Archive for the ‘ About the Book ’ Category

Drinking Bad Wine

In my seemingly never-ending quest to find and realize my purpose in life, this afternoon I engaged in a Quaker practice known as a Clearness Committee. Without going into too much detail about the practice (Google it!), I’ll tell you that I met with a small group of people, who were all trained to prayerfully listen and ask questions to help someone (me in this case) discern the answer to a question or decision that confronts them.

I had to prepare for this meeting by writing up a summary of my question, including some background explanation, and ending with any hunches I had about what the answer might be. What I produced was a stream-of-consciousness recounting that turned out to have more than one question, multiple elements of background, and no hunch whatsoever. Regardless, this content was shared with the group members beforehand.

The participants were hand-picked by me out of a list of my church members who are trained in this Quaker practice. I intentionally chose people who don’t know me very well. Those on the list who I do have a history with I preferred not to include because they would necessarily come with preconceived notions… I figured I’d need all the positive vibes I could get…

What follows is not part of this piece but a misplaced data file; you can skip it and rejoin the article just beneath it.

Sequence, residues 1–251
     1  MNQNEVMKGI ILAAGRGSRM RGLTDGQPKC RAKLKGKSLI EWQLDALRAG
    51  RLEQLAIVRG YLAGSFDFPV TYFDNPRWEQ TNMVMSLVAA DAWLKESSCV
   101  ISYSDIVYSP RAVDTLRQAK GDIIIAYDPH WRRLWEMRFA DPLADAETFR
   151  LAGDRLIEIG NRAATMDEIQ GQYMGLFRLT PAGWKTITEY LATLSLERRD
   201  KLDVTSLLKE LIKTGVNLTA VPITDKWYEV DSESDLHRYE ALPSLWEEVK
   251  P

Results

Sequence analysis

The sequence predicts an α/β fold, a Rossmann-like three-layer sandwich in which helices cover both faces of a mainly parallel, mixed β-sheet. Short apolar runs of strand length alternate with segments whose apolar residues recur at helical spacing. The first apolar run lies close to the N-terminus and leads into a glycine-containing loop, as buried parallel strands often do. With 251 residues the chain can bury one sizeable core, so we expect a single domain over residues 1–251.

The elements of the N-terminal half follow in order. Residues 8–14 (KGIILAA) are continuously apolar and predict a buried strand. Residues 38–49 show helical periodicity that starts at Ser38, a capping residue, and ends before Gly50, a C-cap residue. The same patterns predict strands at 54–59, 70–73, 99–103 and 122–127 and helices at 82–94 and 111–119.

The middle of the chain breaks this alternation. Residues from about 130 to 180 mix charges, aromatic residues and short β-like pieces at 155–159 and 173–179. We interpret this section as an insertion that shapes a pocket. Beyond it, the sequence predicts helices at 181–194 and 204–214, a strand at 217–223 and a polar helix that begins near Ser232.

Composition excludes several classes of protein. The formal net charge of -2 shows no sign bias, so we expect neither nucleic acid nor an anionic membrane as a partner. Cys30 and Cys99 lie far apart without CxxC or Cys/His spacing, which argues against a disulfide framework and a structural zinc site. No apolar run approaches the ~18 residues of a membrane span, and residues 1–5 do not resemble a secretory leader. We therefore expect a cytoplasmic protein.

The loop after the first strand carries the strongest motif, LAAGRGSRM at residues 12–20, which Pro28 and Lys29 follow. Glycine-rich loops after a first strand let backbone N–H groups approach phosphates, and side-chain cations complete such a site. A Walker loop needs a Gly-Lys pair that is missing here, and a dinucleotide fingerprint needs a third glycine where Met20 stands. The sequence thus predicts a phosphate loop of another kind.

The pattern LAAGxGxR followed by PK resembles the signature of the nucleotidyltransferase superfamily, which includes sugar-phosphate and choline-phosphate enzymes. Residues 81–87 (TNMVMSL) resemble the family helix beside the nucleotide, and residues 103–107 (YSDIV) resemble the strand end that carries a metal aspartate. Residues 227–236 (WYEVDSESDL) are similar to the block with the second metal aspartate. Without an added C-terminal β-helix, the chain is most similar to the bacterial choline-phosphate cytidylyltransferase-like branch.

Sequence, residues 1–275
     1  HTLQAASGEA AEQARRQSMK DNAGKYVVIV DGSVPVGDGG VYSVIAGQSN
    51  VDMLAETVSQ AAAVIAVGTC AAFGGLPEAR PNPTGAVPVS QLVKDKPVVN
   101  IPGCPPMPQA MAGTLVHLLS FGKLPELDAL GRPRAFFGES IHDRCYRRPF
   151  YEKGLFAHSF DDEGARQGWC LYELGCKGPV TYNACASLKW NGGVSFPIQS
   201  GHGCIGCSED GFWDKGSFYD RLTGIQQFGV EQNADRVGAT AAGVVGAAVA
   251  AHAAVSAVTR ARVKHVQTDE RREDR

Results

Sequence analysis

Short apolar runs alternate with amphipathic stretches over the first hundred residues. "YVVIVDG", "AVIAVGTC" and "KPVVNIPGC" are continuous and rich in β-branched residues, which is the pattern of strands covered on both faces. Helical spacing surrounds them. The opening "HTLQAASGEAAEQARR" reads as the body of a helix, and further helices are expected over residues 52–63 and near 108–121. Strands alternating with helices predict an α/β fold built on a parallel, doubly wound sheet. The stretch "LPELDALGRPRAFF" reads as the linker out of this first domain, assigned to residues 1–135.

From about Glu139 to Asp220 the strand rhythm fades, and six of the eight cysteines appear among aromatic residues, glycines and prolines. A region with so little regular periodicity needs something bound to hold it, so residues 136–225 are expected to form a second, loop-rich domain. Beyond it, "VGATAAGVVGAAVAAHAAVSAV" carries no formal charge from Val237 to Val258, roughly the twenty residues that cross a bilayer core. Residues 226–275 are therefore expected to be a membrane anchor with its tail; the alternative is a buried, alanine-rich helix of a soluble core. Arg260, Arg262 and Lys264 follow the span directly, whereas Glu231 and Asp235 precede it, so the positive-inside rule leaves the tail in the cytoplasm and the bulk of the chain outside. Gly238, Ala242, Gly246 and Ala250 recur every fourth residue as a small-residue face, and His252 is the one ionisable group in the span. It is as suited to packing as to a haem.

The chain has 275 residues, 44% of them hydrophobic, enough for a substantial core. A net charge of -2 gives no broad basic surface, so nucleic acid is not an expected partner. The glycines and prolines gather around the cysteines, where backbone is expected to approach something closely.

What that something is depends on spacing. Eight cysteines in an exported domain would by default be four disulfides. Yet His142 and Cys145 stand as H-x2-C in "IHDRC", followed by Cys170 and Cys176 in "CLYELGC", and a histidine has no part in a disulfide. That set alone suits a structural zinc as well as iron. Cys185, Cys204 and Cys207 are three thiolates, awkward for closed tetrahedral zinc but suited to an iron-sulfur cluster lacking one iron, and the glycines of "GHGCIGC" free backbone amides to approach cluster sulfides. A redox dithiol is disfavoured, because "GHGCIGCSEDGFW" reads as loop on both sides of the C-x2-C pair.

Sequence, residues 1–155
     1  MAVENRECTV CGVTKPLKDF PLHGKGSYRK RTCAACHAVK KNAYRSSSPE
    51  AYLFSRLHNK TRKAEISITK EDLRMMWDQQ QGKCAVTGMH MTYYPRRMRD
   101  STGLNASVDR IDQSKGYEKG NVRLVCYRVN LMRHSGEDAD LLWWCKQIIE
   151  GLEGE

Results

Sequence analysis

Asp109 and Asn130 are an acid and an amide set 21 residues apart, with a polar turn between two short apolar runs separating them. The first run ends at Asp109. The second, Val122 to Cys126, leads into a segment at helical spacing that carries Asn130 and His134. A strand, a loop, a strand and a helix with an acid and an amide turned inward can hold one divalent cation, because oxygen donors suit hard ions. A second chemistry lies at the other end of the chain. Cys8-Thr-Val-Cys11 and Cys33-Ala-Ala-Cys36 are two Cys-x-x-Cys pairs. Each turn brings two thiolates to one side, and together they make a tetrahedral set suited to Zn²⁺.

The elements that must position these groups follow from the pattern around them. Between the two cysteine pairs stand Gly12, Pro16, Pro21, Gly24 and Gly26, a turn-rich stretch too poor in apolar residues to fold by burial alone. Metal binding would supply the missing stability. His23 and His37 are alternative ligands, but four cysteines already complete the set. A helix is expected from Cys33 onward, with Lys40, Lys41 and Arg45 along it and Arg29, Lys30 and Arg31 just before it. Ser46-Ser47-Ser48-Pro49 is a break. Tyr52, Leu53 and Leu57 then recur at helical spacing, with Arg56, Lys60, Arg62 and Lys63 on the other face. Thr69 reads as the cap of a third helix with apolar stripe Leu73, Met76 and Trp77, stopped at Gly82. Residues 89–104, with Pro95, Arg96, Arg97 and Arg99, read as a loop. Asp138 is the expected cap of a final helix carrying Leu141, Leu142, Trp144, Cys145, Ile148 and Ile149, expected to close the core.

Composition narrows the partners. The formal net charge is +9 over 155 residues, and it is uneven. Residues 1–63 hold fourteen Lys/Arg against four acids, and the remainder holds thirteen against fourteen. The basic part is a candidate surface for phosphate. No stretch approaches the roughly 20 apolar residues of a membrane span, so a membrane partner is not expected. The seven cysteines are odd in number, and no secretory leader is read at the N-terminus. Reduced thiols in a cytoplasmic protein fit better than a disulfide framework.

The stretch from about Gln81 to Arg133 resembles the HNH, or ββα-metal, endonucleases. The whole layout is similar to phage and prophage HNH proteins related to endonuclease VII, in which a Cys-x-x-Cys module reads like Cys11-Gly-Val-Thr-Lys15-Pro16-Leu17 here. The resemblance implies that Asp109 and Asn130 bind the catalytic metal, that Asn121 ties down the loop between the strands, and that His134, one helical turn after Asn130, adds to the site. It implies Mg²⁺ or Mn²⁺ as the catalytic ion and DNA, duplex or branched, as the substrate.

After an hour and a half of stating my dilemma and answering the group’s clarifying questions, my question boiled down to the seeming conflict between what I feel to be my life’s purpose (the sharing of my particular gifts) and how that’s not being realized where I spend most of my time—my day job.

After two years at a full-time position (which I took with some trepidation after nine years of being an independent contractor), it dawned on me that my expectations going into this position were diametrically opposed to my employer’s expectations for my role. They never wanted a bona fide professional editor. They don’t even understand what that is. Here I’ve been trying to fulfill my expectations all this time only to realize that’s not and never has been what they want. That’s not what they expect. They don’t want me to provide the full services of a professional editor throughout the content development life cycle. They’re not even open to learning what value and support my unique skills can bring…

Can you say “professional crisis”?

This realization last year has propelled me downward ever since. Can you say “life crisis”?

That and a piling on of other life issues led me to seek the help of a Clearness Committee today. The members were insightful in their questions that sought to lead me to my own answers. But I left the meeting with no clear answer to anything.

What the hell is my purpose on this earth?!! Can you hear me, Universe?

What am I supposed to accomplish with the gift of life I’ve been given? How does that purpose fit in with how I earn a living? How can I find the confidence to know that I’m doing what I’m “supposed” to be doing?